Milwaukee WI addresses stormwater runoff

Milwaukee has a plan to address their stormwater to prevent such flooding. (Picture source: jsonline.com)

Milwaukee has a plan to address their stormwater to prevent such flooding. (Picture source: jsonline.com)

The Clean Rivers Campaign is concerned about the water quality here in Pittsburgh due to our combined sewer system which can lead to raw sewage overflowing into our rivers. Many post-industrial cities across the US are facing similar challenges and are discussing what solutions are best.

Milwaukee, Wisconsin has emerged recently as a key player in water quality advancements related to mitigating combined sewer overflows.

The Executive Director of the Milwaukee Metropolitan Sewerage District (MMSD), Kevin Shafer, recently wrote an article that was published in the Milwaukee Wisconsin Journal Sentinel. There, Shafer explained Milwaukee’s plans for green infrastructure and the impact it can make on their communities.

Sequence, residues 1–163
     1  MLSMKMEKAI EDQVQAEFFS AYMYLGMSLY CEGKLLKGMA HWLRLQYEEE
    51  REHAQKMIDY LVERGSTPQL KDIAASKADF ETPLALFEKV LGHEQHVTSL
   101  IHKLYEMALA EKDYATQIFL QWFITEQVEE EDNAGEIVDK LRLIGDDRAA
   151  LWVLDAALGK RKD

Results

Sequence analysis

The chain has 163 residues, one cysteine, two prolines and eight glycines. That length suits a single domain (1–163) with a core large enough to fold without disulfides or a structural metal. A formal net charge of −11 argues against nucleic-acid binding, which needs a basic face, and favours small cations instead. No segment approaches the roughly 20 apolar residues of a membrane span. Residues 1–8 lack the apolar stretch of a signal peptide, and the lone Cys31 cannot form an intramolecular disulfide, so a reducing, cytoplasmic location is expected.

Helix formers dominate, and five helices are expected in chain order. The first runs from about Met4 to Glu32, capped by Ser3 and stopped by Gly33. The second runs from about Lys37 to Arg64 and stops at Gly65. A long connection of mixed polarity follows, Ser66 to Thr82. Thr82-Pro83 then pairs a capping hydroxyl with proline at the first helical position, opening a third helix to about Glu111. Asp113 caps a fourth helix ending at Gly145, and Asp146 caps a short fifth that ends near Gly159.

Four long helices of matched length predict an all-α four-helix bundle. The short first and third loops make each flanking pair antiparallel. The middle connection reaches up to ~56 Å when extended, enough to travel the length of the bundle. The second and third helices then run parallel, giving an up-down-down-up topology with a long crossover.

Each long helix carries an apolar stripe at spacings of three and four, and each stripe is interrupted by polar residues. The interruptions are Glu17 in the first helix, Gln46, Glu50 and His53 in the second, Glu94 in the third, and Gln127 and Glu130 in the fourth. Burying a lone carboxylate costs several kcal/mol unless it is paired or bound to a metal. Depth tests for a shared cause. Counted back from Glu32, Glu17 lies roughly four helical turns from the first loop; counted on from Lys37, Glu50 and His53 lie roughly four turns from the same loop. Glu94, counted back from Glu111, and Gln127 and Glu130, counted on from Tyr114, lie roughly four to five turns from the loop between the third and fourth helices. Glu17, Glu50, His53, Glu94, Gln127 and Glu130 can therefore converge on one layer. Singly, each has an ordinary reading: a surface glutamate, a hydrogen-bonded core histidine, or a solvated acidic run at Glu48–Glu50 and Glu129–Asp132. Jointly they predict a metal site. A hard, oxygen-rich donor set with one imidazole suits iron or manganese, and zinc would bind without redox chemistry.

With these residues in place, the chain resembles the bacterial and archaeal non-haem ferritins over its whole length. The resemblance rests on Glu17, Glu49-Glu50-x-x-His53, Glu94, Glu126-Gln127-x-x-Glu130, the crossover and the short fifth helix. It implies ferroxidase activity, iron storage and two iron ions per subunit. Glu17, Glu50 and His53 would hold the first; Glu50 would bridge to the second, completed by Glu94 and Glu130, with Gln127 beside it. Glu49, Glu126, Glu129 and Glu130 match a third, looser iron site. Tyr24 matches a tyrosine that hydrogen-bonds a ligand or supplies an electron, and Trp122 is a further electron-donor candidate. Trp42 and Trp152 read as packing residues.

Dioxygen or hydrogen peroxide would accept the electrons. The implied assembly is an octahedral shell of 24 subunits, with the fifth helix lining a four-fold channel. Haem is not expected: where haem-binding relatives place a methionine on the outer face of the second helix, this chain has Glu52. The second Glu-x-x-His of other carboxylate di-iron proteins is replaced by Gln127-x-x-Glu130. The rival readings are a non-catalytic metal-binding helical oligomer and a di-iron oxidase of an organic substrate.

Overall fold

One highlight of the article reads, “MMSD’s Regional Green Infrastructure Plan calls for us to capture the first half-inch of rainfall on our region, keeping it out of the pipes…That translates into 740 million gallons of water or 42% more volume than the Deep Tunnel currently holds. To provide some perspective, every inch of rain in MMSD’s service area equals 7.1 billion gallons of water”.  Shafer also says that a significant impact to stormwater runoff can come from more strategic lawn care. Adding solutions like gypsum will improve the biology of the soil and in turn, its efficiency in absorbing rainwater.

Shafer admits green infrastructure is not the only solution in Milwaukee. The city has already invested in improvements to underground tunnels that have proved beneficial. These solutions working together will bring great results to Milwaukee and its water quality. As other cities that are similar to Milwaukee (like Pittsburgh!) continue to seek answers to their water quality and stormwater concerns, this case can act as an example. Read more about Milwaukee, its water quality, and Shafer’s thoughts here.